Participants engaged in interactive professional learning sessions, shared personal stories of how they discovered the joy of reading, and discussed the importance of students having access to diverse and reflective literature.

They also considered the importance and impact of literacy instruction based on science of reading research – which is being emphasized in Michigan schools to ensure all students have the necessary skills to read accurately, fluently, and with strong comprehension. Michigan educators can sign up for Language Essentials for Teachers of Reading and Spelling – commonly known as LETRS – training to learn more about the Science of Reading. Funding for the training was approved by the Michigan Legislature and signed into law by Gov. Whitmer.

Jamie MacMillan, a learning specialist at Northwest Early Elementary School in Jackson County, attended a presentation at the conference called “Fostering Family Partnerships in Literacy.” MacMillan, who specializes in reading intervention, said the topic is a good fit for initiatives at her school.

“We’re really trying to reach out and strengthen our partnerships with our parents,” she said. “I think – especially since COVID – a lot of districts are dealing with that. The presentation provided good ideas about how to reach out to parents and how to engage them. Include them in the process. Ask them, ‘What are your goals for your child and how can we come alongside you and support you?”

The “How and Why of Literacy” are both needed to support and provide a literacy program framework for successful readers. The “how” refers to researched and evidence-based approaches to literacy instruction that serve as the building blocks for students to learn to read. The “why” of literacy speaks to those literacy learning experiences that encourage students’ joy, motivation and engagement.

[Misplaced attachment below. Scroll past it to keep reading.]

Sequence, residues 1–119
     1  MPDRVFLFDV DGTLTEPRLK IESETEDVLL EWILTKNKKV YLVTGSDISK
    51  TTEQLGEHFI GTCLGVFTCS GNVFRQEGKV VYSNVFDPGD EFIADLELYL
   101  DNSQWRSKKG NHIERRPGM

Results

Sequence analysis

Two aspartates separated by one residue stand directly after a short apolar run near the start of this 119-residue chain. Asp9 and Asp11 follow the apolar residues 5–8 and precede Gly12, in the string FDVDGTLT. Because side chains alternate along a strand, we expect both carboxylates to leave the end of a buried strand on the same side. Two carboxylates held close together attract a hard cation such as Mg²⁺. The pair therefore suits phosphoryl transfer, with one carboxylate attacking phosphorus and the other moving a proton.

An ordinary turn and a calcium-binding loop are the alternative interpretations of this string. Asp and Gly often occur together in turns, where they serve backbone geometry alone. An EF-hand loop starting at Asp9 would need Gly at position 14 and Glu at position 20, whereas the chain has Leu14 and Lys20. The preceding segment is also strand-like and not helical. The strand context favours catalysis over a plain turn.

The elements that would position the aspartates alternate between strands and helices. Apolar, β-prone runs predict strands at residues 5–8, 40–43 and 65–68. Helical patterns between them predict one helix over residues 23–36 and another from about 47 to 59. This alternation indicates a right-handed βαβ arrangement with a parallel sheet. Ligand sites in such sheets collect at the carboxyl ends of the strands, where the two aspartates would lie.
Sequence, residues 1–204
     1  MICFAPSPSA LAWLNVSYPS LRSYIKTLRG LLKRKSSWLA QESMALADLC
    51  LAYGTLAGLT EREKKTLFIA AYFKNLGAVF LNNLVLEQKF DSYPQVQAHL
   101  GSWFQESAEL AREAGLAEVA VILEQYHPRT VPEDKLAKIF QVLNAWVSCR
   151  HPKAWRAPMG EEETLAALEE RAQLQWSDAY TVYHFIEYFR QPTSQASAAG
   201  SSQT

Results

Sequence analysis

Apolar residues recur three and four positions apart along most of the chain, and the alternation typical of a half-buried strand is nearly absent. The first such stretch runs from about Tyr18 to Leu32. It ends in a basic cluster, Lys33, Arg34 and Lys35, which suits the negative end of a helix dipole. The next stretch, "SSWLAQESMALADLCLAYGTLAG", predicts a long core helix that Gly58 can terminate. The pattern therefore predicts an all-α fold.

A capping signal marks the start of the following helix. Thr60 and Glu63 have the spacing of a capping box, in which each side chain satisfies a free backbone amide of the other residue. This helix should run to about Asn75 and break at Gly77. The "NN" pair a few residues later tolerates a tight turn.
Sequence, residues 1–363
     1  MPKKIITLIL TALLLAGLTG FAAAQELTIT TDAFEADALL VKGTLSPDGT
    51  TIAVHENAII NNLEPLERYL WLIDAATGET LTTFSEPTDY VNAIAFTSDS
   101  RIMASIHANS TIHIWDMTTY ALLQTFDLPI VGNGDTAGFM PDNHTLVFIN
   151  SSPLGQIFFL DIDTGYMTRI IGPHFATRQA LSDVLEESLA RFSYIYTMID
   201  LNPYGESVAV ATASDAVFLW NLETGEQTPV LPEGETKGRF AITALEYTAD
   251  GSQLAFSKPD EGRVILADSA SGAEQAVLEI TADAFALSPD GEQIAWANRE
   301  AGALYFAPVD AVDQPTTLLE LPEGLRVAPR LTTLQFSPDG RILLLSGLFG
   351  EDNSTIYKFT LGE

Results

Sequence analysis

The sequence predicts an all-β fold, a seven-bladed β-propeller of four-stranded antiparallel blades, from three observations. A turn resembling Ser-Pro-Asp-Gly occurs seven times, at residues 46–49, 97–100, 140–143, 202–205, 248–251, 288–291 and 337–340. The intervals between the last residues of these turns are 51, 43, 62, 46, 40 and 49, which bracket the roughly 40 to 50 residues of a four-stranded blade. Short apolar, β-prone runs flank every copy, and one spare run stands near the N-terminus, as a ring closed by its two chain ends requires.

The literacy symposium occurred during March is Reading Month, as proclaimed by Gov. Whitmer. 

During the month, MDE invites educators to submit their March is Reading Month plans and celebrations through the Michigan Reads! School Celebrations Form. MDE will compile the responses received and share them statewide so educators can learn from one another. All submissions will be entered into a drawing to receive special recognition and a commemoration keepsake. The department is also offering schools the opportunity to request MDE guest readers to come to their classrooms in March and beyond. Schools can request an MDE guest reader by completing an MDE Guest Reader Request Form. They can get more information by emailing

Ifa Bayeza

Ifa Bayeza, co-author of “Some Sing, Some Cry,” is shown speaking at the Diversity in Literacy Symposium.

Dr. Rice and Sexton students

State Superintendent Dr. Michael F. Rice, right, is shown at the symposium with Lansing Sexton High School students and staff. Students, participated in a writing and public speaking workshop with Nandi Comer, Michigan’s poet laureate, third from right, back row.


March is reading month flyer